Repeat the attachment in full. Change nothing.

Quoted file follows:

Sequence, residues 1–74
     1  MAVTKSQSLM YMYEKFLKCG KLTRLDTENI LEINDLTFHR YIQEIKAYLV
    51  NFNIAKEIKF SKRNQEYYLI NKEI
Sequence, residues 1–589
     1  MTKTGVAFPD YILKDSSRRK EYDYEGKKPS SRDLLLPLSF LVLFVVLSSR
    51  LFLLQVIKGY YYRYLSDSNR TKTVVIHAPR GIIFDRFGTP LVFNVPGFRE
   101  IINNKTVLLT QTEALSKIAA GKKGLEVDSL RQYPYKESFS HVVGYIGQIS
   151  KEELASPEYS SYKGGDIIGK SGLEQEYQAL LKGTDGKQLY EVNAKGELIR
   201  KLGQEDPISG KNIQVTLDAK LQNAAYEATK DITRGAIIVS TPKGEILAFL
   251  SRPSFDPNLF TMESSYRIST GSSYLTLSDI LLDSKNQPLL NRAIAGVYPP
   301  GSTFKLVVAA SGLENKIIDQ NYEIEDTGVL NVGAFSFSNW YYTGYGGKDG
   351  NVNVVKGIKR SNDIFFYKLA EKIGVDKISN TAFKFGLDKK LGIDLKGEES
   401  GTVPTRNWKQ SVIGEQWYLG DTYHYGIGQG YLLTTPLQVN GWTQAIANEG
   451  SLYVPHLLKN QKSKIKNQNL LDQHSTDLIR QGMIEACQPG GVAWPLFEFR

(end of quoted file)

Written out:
Sequence, residues 1–74
     1  MAVTKSQSLM YMYEKFLKCG KLTRLDTENI LEINDLTFHR YIQEIKAYLV
    51  NFNIAKEIKF SKRNQEYYLI NKEI
Sequence, residues 1–589
     1  MTKTGVAFPD YILKDSSRRK EYDYEGKKPS SRDLLLPLSF LVLFVVLSSR
    51  LFLLQVIKGY YYRYLSDSNR TKTVVIHAPR GIIFDRFGTP LVFNVPGFRE
   101  IINNKTVLLT QTEALSKIAA GKKGLEVDSL RQYPYKESFS HVVGYIGQIS
   151  KEELASPEYS SYKGGDIIGK SGLEQEYQAL LKGTDGKQLY EVNAKGELIR
   201  KLGQEDPISG KNIQVTLDAK LQNAAYEATK DITRGAIIVS TPKGEILAFL
   251  SRPSFDPNLF TMESSYRIST GSSYLTLSDI LLDSKNQPLL NRAIAGVYPP
   301  GSTFKLVVAA SGLENKIIDQ NYEIEDTGVL NVGAFSFSNW YYTGYGGKDG
   351  NVNVVKGIKR SNDIFFYKLA EKIGVDKISN TAFKFGLDKK LGIDLKGEES
   401  GTVPTRNWKQ SVIGEQWYLG DTYHYGIGQG YLLTTPLQVN GWTQAIANEG
   451  SLYVPHLLKN QKSKIKNQNL LDQHSTDLIR QGMIEACQPG GVAWPLFEFR